Guinea Dog
by Jennings, Patrick






When his mother brings home a guinea pig instead of the dog he has always wanted, fifth-grader Rufus is not happy-until the rodent starts acting exactly like a dog.





Patrick Jennings blasted onto the children's book scene with his critically acclaimedFaith and the Electric Dogs, which received numerous starred reviews and is now in film development. Guinea Dog was called "a very funny book...would be particularly great for fifth-grade boys." by wired.com. Now that his children are middle-grade age, he has turned his focus to writing funny, easily accessible stories that will appeal to middle-schoolers. A former resident of Bisbee, Arizona, Jennings now lives in Washington State.
You can visit him online at www.patrickjennings.com.





The latest sequel to Guinea Dog (2010) finds Rufus vacationing at White Crappie Lake accompanied by best friend Murphy, pesty Lurena, rich bully Dmitri, and everyone's respective families. The pets-including Rufus' guinea dog Fido-are also along, so when new acquaintance Pablo recalls seeing a Petopia (the retailer where Fido was purchased), Rufus jumps at the chance to get a special guinea pig for Murphy. This new animal proves more otterlike than canine, however. Following a harried lake adventure-in which Dmitri reveals his true mean spirit-everyone agrees the new purchase, Snapper, is perfect for Pablo. A spin-off featuring Petopia is planned. Copyright 2014 Booklist Reviews.





Jennings' salute to kids who get less (and more) than they ask for offers a unique and hilarious take on boy-dog bonding. Fifth-grader Rufus begs for a dog, but because Dad says no (in an enumerated list), Mom brings home a guinea pig. Rufus is disappointed, and Dad is annoyed, but because the pet shop has vanished, they are stuck with a rodent that barks, fetches sticks, whines, and licks faces. Rufus is both embarrassed (what will his friends think?) and charmed by Fido's doglike behaviors; the scale finally tips in the pig's direction when he executes a perfect, Lassie-like rescue of his master. As he did in Faith and the Electric Dogs (1996) and more recently in We Can't All Be Rattlesnakes (2009), Jennings injects magic realism into a story filled with believable yet flawed characters, resulting in a satisfying story. Short, manageable chapters; a breezy, conversational style; and identifiable characters (the bully, the show-off, the obsessive stay-at-home dad) make this a good choice for readers making the transition to chapter books. Copyright 2010 Booklist Reviews.





It’s summer vacation, and in this third in the light-reading Guinea Dog series, Rufus’ and Murph’s families are taking their traditional trip to the lake, unusual guinea pigs included.Rufus is excited to share the experience with Fido, his guinea “dog” from Petopia, the store that disappeared as fast as it popped up. Unfortunately, his mom has also invited the families of Rufus’ nemesis, Dmitri, and a girl, Lurena. At least Lurena will be bringing Fido’s daughter, the guinea “squirrel.” Let the games begin! While swimming, Rufus nearly drowns Fido, who is only resuscitated after another camper, Pablo, offers advice. He joins their circle but, oddly, won’t swim. Murph saves Rufus from his dad’s grilled mushrooms (“Seriously?”) with a well-timed hot dog. Lurena turns out to be a loyal ally. Bully Dmitri’s behavior becomes so bad that even even-tempered Murph notices. Rufus narrates it all with his by-now-familiar, entertaining mix of preteen self-conscious self-involvement and dawning maturity. Murph and Dmitri are a bit one-dimensional, but in them, readers will easily recognize kids they love and love to hate, respectively. Pablo offers a nice counterpoint to Rufus’ hesitancy when he boldly confronts his self-imposed limits when pushed. Why? Because Petopia has popped up again, and Pablo is now the proud owner of a guinea “otter,” meaning Pablo must swim.Youngsters will eagerly jump in for another fast, fun read. (Animal fantasy. 8-12) Copyright Kirkus 2014 Kirkus/BPI Communications.All rights reserved.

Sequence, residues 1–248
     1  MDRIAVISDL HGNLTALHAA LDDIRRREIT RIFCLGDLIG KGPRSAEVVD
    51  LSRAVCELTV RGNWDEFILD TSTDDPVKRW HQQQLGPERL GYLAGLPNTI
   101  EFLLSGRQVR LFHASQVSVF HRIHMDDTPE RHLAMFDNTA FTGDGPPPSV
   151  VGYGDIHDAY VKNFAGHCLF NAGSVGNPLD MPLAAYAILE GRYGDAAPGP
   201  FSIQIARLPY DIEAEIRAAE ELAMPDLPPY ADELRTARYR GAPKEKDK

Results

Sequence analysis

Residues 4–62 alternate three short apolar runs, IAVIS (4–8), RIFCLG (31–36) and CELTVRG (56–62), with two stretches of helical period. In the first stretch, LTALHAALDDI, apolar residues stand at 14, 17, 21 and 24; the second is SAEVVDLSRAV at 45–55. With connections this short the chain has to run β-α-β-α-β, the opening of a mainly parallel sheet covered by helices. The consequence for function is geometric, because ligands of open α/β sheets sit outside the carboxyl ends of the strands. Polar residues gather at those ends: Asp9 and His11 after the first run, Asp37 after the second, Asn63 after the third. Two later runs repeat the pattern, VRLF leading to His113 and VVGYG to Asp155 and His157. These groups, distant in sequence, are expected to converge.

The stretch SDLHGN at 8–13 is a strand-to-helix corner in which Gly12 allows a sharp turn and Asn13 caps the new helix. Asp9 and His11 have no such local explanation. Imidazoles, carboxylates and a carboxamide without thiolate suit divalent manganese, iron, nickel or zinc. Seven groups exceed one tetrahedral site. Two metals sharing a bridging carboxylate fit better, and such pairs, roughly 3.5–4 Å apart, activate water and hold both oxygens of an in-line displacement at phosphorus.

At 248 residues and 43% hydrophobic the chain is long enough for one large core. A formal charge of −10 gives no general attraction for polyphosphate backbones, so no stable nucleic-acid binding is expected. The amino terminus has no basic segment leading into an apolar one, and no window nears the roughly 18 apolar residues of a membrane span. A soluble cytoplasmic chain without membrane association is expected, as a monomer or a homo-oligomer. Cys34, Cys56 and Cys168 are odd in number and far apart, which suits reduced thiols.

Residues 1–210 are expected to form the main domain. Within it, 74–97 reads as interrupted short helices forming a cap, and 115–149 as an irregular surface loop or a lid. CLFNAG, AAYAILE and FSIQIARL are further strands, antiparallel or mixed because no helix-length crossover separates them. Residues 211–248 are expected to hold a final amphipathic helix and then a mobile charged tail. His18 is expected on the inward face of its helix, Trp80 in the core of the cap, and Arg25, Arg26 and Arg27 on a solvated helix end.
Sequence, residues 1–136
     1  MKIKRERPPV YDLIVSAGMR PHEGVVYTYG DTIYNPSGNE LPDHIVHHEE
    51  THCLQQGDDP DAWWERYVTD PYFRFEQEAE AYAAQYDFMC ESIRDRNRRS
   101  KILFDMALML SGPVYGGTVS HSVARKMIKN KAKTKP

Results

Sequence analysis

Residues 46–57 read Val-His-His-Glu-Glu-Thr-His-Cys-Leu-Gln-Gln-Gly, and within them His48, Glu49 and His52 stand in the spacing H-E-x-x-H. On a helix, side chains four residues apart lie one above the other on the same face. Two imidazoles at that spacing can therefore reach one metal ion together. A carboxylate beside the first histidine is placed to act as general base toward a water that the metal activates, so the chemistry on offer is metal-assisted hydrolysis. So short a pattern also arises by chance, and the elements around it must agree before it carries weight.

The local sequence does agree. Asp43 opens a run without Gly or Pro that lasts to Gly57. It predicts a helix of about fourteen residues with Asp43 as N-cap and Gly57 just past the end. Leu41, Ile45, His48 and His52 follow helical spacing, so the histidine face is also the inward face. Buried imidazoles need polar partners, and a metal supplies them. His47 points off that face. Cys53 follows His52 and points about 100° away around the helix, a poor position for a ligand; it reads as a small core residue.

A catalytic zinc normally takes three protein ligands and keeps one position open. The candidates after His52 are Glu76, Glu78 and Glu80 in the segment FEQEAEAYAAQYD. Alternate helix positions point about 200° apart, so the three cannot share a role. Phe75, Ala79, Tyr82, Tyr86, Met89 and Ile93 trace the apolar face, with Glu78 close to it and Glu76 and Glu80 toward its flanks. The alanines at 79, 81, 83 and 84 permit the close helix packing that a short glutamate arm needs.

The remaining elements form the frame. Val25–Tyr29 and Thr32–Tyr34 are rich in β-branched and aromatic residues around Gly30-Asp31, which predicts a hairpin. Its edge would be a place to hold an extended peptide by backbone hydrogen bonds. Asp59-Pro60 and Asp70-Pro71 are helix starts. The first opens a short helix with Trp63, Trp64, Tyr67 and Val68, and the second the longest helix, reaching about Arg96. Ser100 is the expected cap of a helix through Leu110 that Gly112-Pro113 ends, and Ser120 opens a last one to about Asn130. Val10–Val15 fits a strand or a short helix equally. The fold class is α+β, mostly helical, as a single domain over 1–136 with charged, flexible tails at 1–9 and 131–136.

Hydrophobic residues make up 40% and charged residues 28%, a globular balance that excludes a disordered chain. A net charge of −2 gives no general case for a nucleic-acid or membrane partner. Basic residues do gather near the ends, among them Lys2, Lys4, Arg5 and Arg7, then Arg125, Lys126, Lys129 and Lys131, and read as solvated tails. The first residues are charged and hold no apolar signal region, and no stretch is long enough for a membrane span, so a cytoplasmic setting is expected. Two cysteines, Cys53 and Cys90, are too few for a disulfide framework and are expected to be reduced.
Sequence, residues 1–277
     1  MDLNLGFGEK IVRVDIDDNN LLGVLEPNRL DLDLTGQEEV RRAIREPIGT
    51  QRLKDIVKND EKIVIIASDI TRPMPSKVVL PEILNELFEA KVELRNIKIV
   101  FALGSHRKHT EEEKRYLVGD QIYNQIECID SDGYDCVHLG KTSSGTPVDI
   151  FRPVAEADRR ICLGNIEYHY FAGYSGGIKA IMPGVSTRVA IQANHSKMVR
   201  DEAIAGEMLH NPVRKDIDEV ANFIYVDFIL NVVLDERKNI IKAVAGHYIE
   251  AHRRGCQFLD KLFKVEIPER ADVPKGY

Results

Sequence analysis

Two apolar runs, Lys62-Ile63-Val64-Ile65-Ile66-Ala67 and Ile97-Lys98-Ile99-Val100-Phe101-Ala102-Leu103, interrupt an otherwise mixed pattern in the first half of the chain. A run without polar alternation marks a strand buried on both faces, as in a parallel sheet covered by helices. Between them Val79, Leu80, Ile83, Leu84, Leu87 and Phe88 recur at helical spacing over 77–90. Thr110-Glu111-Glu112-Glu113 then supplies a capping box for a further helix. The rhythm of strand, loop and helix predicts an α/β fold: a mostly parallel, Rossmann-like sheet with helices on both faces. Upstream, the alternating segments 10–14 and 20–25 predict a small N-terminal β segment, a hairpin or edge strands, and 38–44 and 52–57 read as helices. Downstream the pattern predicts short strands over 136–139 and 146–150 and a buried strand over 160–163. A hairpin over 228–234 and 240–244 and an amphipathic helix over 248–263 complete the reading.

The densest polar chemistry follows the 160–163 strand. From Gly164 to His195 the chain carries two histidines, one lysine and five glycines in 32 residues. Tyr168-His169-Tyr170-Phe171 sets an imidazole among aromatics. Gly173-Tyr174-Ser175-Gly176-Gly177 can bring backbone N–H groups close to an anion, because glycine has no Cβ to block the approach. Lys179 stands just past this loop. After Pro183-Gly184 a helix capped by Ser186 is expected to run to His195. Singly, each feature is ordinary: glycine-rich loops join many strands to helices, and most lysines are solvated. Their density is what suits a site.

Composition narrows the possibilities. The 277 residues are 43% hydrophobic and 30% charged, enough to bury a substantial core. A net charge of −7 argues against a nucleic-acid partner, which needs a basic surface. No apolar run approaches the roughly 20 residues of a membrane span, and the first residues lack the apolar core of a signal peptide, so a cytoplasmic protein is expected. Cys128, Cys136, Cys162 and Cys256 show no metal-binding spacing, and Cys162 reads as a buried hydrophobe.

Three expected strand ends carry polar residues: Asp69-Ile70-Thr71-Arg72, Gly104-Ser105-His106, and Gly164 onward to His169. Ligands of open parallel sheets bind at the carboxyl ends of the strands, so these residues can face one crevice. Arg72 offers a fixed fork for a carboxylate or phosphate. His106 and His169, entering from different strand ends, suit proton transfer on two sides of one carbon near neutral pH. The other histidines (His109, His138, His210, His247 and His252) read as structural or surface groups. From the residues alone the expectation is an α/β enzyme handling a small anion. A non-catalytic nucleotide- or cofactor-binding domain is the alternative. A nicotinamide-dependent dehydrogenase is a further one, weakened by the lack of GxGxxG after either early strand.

A humorous story about an unusual pet. Rufus has but one wish-a dog. His stay-at-home Dad does not agree. His list of reasons not to get a dog extends over two pages. Rufus's sympathetic mom brings home a guinea pig, which Rufus has expressly said he does not want. To his surprise, though, the guinea pig (which he sullenly names Fido) behaves like a dog! She obeys every command Rufus gives her, plays tug-o'-war and even chews shoes. His best friend wishes she were his when, during a Frisbee game, out of nowhere, she retrieves the disc and brings it to Rufus. The family decides to return Fido to the pet store, but a classmate is willing to buy her to replace her hamster-and it's then that Rufus begins to have second thoughts. Jennings provides no explanation as to why Fido acts like a dog, asking readers to accept the absurdity along with Rufus. The school characters are fairly one dimensional, but the undeniably funny plot moves along, and readers into beginning chapter books should enjoy this wry story of wish fulfillment. (Animal fantasy. 7-9) Copyright Kirkus 2010 Kirkus/BPI Communications.All rights reserved.






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